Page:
The result is an engrossing evening that both heightens my misunderstanding of Darfur and outlines the moral and political dilemma it poses to a western theatre critic in the starkest possible terms.
Major Barbara, Orange Tree

Shaw is witty like a paddy and political like a kraut. Consequently, it's hard to understand why there hasn't been more of his work put on for his 150th anniversary. Notwithstanding the fact that he is one the most performed playwrights in the west end.

I had forgotten how wildean Major Barbarra is. And how Brechtian. Andrew Undershaft's insistence that poverty is the ultimate crime, and that society's first duty is to ensure that everyone is decently fed and housed, anticipates by a quarter century Brecht's great dictum in The Threepenny Opera: "Food comes first, then morals." Of course, Jesus anticipates this by 1900 years or so, and Marx by a good 50, but I think by and large we can attribute the origin of anti-poverty thinking to Shaw. You may argue that Brecht's "dictum" is not so much a dictum as a line from a play, spoken by a character and that it's meaning is radically different from the message espoused by Shaw's character, but frankly I'd be too busy wanking over a picture of myself reading a book (hardback, of social import) to hear.

The acting is good.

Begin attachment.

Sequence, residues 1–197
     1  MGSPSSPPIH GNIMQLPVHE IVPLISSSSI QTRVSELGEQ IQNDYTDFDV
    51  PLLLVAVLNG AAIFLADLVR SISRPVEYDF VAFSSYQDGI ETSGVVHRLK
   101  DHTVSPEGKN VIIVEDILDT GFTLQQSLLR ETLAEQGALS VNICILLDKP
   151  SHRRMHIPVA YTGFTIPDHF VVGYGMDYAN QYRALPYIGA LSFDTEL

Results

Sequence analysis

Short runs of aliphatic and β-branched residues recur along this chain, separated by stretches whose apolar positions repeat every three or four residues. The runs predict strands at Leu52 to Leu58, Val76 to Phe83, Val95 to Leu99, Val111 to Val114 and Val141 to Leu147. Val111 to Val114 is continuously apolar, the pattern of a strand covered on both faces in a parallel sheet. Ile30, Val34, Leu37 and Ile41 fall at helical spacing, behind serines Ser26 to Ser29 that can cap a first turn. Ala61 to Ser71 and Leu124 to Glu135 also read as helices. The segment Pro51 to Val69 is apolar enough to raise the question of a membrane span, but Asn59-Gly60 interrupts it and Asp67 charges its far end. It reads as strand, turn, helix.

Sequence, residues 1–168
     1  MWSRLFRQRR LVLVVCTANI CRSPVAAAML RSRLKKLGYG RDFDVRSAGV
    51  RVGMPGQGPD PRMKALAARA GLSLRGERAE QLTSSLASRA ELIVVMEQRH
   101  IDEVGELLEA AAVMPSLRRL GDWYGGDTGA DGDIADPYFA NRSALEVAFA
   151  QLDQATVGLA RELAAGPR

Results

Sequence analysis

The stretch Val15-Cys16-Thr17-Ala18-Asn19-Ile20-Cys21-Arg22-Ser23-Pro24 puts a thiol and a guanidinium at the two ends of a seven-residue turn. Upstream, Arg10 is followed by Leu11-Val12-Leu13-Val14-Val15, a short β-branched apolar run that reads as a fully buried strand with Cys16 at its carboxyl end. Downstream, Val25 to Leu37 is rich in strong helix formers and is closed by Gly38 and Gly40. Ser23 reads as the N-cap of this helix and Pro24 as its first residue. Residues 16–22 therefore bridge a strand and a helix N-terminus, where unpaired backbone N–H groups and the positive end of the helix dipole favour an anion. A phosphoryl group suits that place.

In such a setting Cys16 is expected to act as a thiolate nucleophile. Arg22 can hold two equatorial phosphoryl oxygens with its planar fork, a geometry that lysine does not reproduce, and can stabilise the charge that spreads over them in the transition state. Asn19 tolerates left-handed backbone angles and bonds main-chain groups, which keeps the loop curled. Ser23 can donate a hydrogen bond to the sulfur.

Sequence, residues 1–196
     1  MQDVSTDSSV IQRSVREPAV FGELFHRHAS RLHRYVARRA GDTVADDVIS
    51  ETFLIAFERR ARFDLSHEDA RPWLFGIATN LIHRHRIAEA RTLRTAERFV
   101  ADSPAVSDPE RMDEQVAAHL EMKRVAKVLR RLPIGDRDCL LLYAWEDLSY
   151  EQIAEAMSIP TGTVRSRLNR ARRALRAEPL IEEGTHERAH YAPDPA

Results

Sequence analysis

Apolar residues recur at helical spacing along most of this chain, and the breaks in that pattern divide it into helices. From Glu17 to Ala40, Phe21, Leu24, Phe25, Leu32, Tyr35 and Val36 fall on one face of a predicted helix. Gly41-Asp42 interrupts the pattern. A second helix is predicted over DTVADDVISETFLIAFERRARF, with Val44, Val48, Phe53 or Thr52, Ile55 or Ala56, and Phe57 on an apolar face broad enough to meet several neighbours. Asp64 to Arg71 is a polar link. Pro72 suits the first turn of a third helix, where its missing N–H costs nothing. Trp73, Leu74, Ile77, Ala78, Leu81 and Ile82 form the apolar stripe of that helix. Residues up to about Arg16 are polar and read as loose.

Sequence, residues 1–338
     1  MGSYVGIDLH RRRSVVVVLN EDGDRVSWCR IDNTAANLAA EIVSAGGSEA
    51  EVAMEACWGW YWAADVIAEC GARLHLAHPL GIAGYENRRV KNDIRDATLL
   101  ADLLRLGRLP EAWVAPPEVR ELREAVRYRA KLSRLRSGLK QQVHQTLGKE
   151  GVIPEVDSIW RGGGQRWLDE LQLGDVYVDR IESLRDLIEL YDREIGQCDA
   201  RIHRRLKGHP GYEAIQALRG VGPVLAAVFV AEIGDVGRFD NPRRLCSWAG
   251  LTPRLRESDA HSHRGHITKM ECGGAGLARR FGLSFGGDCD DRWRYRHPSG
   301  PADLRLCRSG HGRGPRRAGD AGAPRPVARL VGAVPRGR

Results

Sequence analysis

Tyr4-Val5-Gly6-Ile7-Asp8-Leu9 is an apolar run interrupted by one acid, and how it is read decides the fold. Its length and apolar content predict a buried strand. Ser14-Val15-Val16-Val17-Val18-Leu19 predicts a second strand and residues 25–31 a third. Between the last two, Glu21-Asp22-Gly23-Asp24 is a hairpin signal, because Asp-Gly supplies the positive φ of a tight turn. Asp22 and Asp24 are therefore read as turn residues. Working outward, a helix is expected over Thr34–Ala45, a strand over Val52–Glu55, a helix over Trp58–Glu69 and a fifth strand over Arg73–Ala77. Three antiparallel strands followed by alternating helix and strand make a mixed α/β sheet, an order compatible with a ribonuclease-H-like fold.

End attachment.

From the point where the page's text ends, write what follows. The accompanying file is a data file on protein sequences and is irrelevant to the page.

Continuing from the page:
Even Shaw-haters would have to agree with my opinion, which is this one, that they have just read, and is mine.

Much of what happens is the same as in the film.
Krapp's Last Tape - Royal Court.

Pinter is in a wheelchair. This is the bleakest Krapp imaginable. Excellent.(4/5)
Bent, Trafalgar Studios

I first saw this play the first time, in 1979, when I liked it. Back then it was socially important because no one was talking about how Hitler killed homosexuals too. This play demands restraint, because it is serious. Unfortunately, this production is rather camp for my taste.

The Nazis are awful, but that is typical of this production, which gets accross the point of the play but misses the point of the play.
Waiting For Godot, New Ambassadors, London

The thing about Beckett is that it means whatever I want it to mean, and pertinently, I've seen this twice so my opinion is especially worthwhile this week. I've also recently been reading Don Quixote.

Yet what both actors poignantly express is the Terror of Isolation - so much so that at one point one of them pretends a boot is a baby! It is through details such as these that Beckett's play becomes a metaphor. A poignant one.

It is tempting to shoehorn in some politics. Pozzo is a capitalist. This isn't the point, and i've only mentioned it to point out that this isn't the point. Everything is political! Apart from this bit, which is about a swelling need for desperate companionship. Lucky delivers his monologue and then falls over, which rather proves my point.